The best neuroscience news stories from January 2021

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The best neuroscience news stories from January 2021


January's best neuroscience research includes a snap-freezing method of instantly preserving small pieces of brain tissue to study it in its natural state, using neurofeedback to make prostheses feel more natural, and the discovery that anticoagulants reduce brain metastases in mice.

1. Using artificial intelligence to find new uses for existing medications

A machine-learning method that helps determine which existing medications could be used to treat diseases that they are not currently prescribed to treat, has been developed by scientists at Ohio State University.

With the aim of speeding up the, usually time-consuming and expensive, process of drug repurposing, the method uses large patient care-related datasets and high-powered computation to produce repurposed drug candidates.

The effects of the medications on a set of outcomes are predicted by the deep learning algorithm, which takes into account the multiple factors that can affect how effective a medication is, including age, sex and disease severity.

It is hoped that this method can be applied to identify drugs that can be used to treat diseases that there is no current treatment for.

Image credit: Pixabay

Re-purposing medication


2. Snap-freezing reveals a truer structure of brain connections

A snap-freezing method, which uses a combination of liquid nitrogen jets and very high pressures, has been used by scientists at EPFL to instantly preserve small pieces of brain tissue.

This brain tissue was then imaged at high-resolution to reveal the true structure of dendritic spines. In the adult brain, most synaptic connections are located on dendritic spines, with the size and shape of the spine determining the efficiency of signal transmission from one neuron to another. As dendritic spines are so small, and because it is difficult to preserve brain tissue in its natural state, it has been hard to define the true structure of dendritic spines.

Although the overall structure was shown to be similar to what previous studies have shown, the researchers found that some of the spines have significantly thinner necks. As neck diameter impacts how a synapse influences the neuron, this is an important finding.

This research has demonstrated that the snap-freezing method has excellent potential for enabling researchers to better understand the true architecture of cells and tissues.

Image credit: EPFL

Snap-freezing to study brain structures


3. Peeking inside ‘mini-brains’ could boost understanding of the human brain in health and disease

After producing high-resolution 3D images of single neurons within intact ‘mini-brains’, scientists at the Wyss Center for Bio and Neuroengineering suggest that examining these could give insight into the progression of disease in an individual, and how an individual could respond to different drugs.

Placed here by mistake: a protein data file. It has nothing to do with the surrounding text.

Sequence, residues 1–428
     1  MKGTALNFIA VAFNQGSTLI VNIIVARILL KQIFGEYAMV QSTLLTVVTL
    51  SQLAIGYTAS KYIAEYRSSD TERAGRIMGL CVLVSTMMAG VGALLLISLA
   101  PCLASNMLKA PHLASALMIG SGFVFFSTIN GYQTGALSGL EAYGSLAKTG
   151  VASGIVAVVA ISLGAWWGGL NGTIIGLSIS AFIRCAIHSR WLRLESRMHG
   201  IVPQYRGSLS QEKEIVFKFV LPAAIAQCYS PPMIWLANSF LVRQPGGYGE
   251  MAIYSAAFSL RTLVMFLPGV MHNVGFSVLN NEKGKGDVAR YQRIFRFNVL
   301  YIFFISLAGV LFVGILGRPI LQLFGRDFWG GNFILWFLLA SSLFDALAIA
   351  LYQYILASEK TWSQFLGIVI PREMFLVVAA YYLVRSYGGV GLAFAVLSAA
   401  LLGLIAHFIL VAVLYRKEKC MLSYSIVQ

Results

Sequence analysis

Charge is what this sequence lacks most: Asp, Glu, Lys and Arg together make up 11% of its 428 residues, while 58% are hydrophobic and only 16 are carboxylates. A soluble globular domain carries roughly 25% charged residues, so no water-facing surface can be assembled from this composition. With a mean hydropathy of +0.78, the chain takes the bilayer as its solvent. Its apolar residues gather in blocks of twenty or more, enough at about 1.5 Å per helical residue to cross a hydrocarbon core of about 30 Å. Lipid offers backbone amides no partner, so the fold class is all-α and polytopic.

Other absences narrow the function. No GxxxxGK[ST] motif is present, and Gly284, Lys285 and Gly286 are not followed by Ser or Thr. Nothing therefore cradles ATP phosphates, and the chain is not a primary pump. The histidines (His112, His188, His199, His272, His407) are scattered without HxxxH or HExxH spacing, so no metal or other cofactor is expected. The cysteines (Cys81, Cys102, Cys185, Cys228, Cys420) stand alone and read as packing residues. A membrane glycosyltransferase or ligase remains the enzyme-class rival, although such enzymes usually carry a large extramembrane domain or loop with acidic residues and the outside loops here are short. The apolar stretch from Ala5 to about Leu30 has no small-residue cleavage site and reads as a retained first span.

The mini-brains are collections of different types of human brain cells, the size of a pin-head. Personalised mini-brains are grown from stem cells collected from a sample of human hair or skin.

This is the first time that the internal anatomy has been revealed in detail; although there have been advances in growing the mini-brains, it has been difficult to get a detailed understanding of what is going on inside them. Previous methods have involved slicing the mini-brains to view them under a microscope, which can damage them. However, in this research, a combination of techniques was used to label individual neurons within the brain and to make the whole sample transparent, enabling high resolution, 3D images of single neurons within intact brains to be produced.

Image credit: HEPIA

Mini-brains: Windows into the human brain

4. Perceiving prosthesis as lighter thanks to neurofeedback

Scientists at ETH Zurich have shown that connecting prostheses to the nervous system helps amputees perceive the prosthesis as weighing less and feeling more like a natural part of their body.

Leg amputees often perceive their prostheses as being too heavy, even though prosthetic legs are usually less than half the weight of a natural limb. However, the researchers found that enabling sensory signals to be transmitted from the prostheses to the nervous system helps amputees perceive it as significantly lighter.

The prostheses provides feedback to the nervous system via electrodes implanted into the thigh, which connect to nerves in leg. Tactile sensors under the sole of the prosthetic foot and angle sensors in the prosthetic knee joint send information which is converted into pulses of current and transmitted to the nerves in the leg. In a further study, neurofeedback was found to reduce the perceived weight of a prosthesis by 23%, as well as enabling faster and safer walking.

Image credit: ETH Zurich

Making prostheses feel natural


5. Anticoagulants reduce the number of brain metastases in mice

Scientists from the German Cancer Research Center and Heidelberg University Hospital have shown in mice that anticoagulants reduce the number of brain metastases. They do this by preventing cancer cells from exiting blood vessels and entering brain tissue.